Browse Prior Art Database

Memory Size Reduction Techniques for Variable Declaration And Assignment

IP.com Disclosure Number: IPCOM000099361D
Original Publication Date: 1990-Jan-01
Included in the Prior Art Database: 2005-Mar-14
Document File: 2 page(s) / 80K

Publishing Venue

IBM

Related People

Cramer, KD: AUTHOR [+2]

Abstract

Described is a technique for initializing a program's variables without calling an initialization routine each time the program is invoked. This is accomplished by linking the program to an external table containing pre-initialized variables.

This text was extracted from an ASCII text file.
This is the abbreviated version, containing approximately 52% of the total text.

Memory Size Reduction Techniques for Variable Declaration And Assignment

       Described is a technique for initializing a program's
variables without calling an initialization routine each time the
program is invoked.  This is accomplished by linking the program to
an external table containing pre-initialized variables.

      An AS/400* PC Support Router is a communications program that
allows PC-to-AS/400 communications.  The router is written in Modula2
and contains many tables; each element which needs to be initialized.
 The router is a memory resident program which executes under PC-DOS,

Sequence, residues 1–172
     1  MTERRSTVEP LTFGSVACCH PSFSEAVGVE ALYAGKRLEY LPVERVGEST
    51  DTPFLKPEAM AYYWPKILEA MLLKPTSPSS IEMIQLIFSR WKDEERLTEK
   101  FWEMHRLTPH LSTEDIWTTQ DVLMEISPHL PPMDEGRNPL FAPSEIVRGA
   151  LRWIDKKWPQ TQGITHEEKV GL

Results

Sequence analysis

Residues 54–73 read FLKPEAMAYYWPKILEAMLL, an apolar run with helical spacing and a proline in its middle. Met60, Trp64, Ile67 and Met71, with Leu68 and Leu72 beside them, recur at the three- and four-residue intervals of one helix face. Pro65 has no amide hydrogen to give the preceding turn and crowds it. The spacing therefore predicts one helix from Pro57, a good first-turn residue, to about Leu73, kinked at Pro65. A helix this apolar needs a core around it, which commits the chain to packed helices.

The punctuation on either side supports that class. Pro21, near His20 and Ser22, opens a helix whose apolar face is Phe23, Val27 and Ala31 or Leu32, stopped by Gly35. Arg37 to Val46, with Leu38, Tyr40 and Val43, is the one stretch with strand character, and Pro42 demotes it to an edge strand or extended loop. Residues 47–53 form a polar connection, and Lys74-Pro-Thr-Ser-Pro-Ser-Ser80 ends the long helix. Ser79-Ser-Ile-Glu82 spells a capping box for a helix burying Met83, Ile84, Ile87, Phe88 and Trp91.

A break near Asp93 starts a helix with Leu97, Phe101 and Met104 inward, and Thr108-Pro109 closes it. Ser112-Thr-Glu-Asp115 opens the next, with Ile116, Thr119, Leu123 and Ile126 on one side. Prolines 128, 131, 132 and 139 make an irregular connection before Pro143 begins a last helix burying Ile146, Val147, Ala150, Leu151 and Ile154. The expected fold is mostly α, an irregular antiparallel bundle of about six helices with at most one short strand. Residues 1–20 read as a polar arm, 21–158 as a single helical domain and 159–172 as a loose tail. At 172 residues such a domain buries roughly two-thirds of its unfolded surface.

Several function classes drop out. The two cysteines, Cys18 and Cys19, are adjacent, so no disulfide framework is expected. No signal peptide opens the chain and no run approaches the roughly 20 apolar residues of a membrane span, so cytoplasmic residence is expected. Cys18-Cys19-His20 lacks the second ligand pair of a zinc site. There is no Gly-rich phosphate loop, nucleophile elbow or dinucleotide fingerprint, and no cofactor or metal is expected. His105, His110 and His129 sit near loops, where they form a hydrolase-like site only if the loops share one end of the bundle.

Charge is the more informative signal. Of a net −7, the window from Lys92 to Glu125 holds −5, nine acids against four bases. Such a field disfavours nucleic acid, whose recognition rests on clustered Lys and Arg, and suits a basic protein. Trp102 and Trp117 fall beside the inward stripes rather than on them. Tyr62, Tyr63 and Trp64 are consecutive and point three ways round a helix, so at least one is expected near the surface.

and, as such, is a critical area in which reduction of memory is
important.  This technique allows memory requirements to be
significantly reduced.

      The trivial solution to this problem would be to assign the
initial values to the variables at the point they are declared, but
Modula2 does not allow this.  Another solution would be to maintain
the declaration of the variables (and the initialization of the
variables) in another language which allows such a declaration.

      This technique combines the two concepts into a maintainable,
automatic solution.  Basically, the declaration and initialization of
the variables in question are automatically extracted from the source
language (Modula2) and manipulated into a form that is acceptable to
a language which supports variable initialization (in this case
assembler was used).  By using this automatic technique the original
source (in Modula2) is still used, allowing for ease of maintenance
without the need for declarations in a different language.  At the
same time, the efficiency of an assembler language is used to reduce
the size of the resulting program.

      The automatic aspect of this solution is achieved via a program
called ASMTABLE.EXE. ASMTABLE.EXE parses the origi...